The personal safety of Washington DC police officers may be at risk after it emerged that ransomware threat actors had managed to steal personnel files in an attack earlier this month.
The acting chief of the US capital’s Metropolitan Police Department (MPD), Robert Contee, said in an email to staff that ‘HR files’ containing personal information were part of the haul, according to CNN.
That adds extra jeopardy for officers in the event that the ransomware group in question, Babuk, decides to permanently post the information on its dark web naming and shaming site. A separate report claimed that information on at least five officers was temporarily leaked by the group to show it means business.
The gang has already claimed to have 250GB of internal data from the MPD in its possession following the raid, including information on informants which it threatened to share with local gangs unless a ransom was paid.
Such ‘double extortion’ tactics are increasingly common among ransomware groups. According to a Coveware report this week, they now appear in a majority (77%) of attacks.
However, rarely do threat actors have stolen information that could endanger lives.
The case is further complicated by the fact that Babuk appears to be calling it a day after having reached its financial goals.
One version of a widely reported note on the group’s dark web site, titled ‘Hello World 2’ said that breaching the police department was its “last goal.”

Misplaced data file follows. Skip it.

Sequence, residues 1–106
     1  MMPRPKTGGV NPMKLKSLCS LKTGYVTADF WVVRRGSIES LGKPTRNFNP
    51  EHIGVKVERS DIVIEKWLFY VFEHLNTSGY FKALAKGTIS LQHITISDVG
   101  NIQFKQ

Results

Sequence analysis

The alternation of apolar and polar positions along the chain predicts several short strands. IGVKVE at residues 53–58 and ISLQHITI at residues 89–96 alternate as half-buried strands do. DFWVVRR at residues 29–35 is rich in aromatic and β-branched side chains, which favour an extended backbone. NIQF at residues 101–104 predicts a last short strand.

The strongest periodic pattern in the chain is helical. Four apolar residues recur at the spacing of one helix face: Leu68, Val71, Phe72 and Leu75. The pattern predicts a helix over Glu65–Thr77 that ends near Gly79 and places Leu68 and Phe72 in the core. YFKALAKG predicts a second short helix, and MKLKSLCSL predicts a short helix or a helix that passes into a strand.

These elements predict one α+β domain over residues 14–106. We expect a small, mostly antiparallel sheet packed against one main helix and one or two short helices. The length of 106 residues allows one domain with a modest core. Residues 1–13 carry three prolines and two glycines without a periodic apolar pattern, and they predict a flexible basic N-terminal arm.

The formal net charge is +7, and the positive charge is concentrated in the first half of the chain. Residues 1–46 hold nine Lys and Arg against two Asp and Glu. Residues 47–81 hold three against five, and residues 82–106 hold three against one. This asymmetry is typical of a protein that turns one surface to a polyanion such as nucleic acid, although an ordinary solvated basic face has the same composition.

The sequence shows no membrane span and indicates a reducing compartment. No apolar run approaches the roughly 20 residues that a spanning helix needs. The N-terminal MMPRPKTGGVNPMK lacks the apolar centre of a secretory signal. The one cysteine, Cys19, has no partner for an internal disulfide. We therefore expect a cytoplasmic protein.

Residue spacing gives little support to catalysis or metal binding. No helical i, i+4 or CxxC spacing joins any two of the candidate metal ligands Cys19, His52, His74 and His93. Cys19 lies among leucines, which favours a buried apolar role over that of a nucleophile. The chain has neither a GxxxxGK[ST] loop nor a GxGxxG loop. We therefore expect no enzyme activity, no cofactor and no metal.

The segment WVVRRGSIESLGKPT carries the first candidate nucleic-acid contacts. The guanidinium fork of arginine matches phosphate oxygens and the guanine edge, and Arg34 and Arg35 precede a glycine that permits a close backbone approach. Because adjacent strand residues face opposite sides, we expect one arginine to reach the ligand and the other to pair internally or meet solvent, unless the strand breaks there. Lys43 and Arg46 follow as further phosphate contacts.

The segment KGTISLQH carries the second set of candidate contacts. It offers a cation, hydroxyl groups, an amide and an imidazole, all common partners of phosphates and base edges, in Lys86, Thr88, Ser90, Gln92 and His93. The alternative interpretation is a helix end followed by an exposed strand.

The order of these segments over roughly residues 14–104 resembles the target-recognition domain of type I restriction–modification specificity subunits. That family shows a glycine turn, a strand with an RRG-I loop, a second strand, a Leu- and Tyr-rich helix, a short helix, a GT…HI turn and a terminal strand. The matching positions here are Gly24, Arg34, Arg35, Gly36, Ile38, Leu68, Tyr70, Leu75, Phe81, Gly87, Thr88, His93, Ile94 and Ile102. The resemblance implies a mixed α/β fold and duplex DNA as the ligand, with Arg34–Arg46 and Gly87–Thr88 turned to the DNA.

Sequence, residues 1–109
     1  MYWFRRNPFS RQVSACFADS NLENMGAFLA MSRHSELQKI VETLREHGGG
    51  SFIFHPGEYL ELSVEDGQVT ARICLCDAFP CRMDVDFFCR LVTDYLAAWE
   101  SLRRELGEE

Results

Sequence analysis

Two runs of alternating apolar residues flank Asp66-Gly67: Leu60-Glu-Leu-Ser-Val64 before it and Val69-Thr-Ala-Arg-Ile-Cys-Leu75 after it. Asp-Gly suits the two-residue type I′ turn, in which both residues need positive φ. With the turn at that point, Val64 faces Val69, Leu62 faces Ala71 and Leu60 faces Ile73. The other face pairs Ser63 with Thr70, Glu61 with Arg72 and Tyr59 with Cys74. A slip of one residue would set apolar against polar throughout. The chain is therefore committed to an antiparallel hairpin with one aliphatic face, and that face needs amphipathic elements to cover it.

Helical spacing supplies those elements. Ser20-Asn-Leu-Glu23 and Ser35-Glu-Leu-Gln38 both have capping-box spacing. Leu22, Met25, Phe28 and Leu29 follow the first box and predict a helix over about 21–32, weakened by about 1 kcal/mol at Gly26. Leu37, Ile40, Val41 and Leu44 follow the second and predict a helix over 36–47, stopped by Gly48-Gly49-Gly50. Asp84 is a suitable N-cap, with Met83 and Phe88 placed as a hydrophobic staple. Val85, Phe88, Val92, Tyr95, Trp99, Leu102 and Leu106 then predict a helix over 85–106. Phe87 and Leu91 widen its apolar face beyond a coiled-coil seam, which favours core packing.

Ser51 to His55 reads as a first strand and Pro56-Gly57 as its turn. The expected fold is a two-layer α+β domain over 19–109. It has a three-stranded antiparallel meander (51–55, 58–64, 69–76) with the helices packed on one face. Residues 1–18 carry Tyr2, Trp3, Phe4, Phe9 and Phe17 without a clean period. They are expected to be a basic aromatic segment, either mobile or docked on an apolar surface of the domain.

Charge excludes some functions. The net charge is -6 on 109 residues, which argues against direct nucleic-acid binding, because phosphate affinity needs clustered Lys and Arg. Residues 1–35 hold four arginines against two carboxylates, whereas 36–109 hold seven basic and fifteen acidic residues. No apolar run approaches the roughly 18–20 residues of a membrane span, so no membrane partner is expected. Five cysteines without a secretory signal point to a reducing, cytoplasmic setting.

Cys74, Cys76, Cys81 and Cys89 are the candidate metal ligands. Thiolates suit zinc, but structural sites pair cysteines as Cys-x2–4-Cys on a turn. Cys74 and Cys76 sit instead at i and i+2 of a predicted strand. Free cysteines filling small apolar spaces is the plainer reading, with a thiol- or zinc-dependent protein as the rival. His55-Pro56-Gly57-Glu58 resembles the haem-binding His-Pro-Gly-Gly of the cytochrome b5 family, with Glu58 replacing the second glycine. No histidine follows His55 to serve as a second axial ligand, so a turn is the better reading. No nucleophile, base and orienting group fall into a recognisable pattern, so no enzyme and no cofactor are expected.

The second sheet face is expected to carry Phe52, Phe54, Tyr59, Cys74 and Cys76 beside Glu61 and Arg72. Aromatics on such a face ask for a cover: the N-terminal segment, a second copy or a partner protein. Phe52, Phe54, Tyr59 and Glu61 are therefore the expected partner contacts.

“Only they now determine whether the leak will be or not, in any case regardless of the outcome of events with PD, the babuk project will be closed,” it said.
Unfortunately for future potential victims, the gang is planning to open source its malware for others to use in ransomware-as-a-service campaigns.
Security experts were alarmed at the developments in Washington.
“Our research data shows that cyber-criminals are making a conscious effort to hit high-value targets, but the reality is no one is immune from ransomware. The best defense against ransomware is therefore prevention,” argued Nozomi Networks CEO, Edgard Capdevielle.
“This includes training staff on the threat and the techniques cyber-criminals will use to get it onto systems, and performing continuous security monitoring across the entire IT and OT estate, to identify malicious activity or vulnerabilities which cyber-criminals could exploit.”